I would like to know what the difference between records and record is.
Which would be correct — John Allen's Records or John Allen's Record?
Well, briefly skipping over the fact that there are multiple definitions for the word "record", as it's fairly clear which sense you are using, there is no major difference between record/records as used in your question.
A record is a thing, often a document, constituting a piece of evidence about a past event or period.
John Allen's Records implies that John Allen has a collection of documents, diaries, observations, reports and the like, pertaining to whatever event.
John Allen's Record implies that there is one single file. However, within this file there could be an expansive collection. The singular noun suggests that if there are multiple documents, they have already been collated int a single source.
So, there is a slight difference and it could be pertinent to choose one over the other in certain situations. However, they could also be interchangeable in most cases.
I suggest: Use 'record' if you are referring to a single document from one original witness/source; otherwise, use 'records'.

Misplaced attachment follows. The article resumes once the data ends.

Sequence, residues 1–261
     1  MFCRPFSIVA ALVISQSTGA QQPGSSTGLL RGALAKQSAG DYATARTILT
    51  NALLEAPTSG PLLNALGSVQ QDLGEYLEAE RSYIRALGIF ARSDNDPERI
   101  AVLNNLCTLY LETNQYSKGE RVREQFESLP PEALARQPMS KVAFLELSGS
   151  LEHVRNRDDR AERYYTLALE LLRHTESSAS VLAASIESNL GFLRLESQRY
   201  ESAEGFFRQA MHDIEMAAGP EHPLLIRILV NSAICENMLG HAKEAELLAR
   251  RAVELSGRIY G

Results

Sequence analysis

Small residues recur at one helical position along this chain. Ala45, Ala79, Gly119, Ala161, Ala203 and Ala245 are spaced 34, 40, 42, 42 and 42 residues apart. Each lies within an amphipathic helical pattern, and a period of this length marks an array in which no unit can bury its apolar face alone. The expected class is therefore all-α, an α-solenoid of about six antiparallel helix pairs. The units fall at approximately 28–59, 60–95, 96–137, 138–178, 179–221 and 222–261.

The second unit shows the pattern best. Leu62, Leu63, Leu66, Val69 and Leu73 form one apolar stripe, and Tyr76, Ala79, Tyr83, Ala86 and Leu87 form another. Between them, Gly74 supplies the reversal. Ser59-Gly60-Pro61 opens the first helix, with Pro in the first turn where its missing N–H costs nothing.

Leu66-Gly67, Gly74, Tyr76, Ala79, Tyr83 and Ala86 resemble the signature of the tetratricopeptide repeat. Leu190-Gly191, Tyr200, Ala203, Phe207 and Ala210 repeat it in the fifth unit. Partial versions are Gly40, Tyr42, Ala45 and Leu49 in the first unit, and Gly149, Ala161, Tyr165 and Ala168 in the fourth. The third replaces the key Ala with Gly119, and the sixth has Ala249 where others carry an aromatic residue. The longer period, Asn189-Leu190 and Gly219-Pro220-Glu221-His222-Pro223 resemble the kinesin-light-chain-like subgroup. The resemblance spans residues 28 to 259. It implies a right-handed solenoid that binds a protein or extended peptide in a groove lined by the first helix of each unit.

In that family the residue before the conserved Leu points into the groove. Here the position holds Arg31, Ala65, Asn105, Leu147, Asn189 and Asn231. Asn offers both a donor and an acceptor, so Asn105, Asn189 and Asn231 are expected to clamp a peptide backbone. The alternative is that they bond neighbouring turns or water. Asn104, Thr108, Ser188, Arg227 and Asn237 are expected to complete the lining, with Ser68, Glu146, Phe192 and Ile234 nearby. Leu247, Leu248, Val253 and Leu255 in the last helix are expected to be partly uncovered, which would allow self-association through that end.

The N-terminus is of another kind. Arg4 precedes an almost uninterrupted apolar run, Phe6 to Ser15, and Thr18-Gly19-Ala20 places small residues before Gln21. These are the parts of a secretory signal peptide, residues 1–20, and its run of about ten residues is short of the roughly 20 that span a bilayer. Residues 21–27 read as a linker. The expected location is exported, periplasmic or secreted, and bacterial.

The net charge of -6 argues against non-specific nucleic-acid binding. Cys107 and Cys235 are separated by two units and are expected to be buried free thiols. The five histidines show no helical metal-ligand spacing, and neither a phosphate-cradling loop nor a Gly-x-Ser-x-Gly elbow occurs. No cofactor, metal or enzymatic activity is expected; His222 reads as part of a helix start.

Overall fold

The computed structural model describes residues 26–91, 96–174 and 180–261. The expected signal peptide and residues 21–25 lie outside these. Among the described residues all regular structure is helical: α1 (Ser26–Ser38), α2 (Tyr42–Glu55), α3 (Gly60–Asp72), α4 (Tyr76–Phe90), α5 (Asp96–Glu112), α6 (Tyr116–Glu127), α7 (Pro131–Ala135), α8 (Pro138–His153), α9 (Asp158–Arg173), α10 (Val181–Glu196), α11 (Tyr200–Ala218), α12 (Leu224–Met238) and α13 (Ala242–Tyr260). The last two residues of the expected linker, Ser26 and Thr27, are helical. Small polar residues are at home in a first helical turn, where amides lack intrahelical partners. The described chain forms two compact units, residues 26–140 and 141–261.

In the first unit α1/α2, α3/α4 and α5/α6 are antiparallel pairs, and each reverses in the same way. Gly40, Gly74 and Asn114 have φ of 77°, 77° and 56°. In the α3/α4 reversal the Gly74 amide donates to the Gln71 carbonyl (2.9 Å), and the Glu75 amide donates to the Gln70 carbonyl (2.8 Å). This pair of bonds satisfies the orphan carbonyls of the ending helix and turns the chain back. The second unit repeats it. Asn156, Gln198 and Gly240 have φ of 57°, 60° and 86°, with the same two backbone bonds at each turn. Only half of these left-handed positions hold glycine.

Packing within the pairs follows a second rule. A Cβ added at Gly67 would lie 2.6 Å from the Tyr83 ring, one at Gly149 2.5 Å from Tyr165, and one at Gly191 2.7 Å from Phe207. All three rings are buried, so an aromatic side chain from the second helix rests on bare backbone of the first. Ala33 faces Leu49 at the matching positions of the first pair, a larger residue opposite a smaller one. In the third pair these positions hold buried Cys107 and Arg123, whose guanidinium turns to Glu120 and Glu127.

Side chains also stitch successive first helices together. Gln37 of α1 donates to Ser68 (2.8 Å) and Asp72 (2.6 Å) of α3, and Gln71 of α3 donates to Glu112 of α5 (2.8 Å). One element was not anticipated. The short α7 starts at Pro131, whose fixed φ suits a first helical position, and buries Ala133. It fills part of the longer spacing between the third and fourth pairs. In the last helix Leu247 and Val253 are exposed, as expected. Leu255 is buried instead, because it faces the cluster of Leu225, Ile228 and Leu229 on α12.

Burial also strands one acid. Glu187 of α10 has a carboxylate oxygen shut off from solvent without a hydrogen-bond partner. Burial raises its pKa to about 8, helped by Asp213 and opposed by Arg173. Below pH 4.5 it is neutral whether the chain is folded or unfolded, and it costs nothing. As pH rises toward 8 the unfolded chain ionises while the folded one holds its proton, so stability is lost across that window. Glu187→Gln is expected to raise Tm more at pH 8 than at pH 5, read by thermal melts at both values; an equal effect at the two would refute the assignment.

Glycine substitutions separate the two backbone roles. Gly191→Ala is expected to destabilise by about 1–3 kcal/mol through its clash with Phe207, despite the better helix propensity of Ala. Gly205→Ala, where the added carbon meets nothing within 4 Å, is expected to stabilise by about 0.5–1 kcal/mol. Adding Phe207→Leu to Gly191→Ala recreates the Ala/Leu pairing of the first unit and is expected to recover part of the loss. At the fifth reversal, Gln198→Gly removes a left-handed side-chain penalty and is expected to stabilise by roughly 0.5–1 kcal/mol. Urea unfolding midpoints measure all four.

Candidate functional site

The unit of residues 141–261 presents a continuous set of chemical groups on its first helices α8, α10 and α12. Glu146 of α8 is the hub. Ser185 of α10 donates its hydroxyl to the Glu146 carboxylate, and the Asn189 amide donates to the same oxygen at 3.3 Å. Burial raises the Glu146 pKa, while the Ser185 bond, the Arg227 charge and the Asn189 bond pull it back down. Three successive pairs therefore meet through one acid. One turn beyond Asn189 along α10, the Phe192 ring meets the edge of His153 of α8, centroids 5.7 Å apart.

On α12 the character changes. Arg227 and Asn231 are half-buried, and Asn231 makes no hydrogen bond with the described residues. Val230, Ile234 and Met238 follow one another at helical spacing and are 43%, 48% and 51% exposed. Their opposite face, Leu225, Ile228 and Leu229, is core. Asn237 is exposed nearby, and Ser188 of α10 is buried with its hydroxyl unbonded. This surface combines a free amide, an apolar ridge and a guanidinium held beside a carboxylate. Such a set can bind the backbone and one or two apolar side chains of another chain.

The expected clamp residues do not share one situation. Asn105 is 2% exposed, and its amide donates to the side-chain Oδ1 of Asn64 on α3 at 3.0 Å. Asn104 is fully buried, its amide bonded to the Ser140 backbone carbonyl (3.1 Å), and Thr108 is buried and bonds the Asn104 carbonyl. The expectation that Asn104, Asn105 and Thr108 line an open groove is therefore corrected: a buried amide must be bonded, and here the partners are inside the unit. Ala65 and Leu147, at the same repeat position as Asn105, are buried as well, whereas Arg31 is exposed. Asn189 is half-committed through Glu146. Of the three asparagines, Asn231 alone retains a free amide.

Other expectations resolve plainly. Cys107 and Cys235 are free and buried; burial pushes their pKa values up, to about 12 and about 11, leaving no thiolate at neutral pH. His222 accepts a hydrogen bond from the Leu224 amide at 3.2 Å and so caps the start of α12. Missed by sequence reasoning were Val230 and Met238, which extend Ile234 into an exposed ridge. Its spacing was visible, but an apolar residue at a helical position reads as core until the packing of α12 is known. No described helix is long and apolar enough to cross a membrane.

Hope that helps.
N.B. Other senses of the word include plastic discs for recording data, a performance of some feat that is considered 'better' than all other performances of its kind, a summation of a person or organisation's overall performance in a given field.
There's a difference between Record and record. 'John Allen's record' would be the file on John Allen (pace Fraser Orr): 'John Allen's records' might be the collection of such files, or the various notes JA made (as Karl said): 'John Allen's Records' would have to be the name of a record shop owned by John Allen (record in the sense of black disc; ask your parents about this if necessary): I genuinely can't think of a use for 'John Allen's Record'.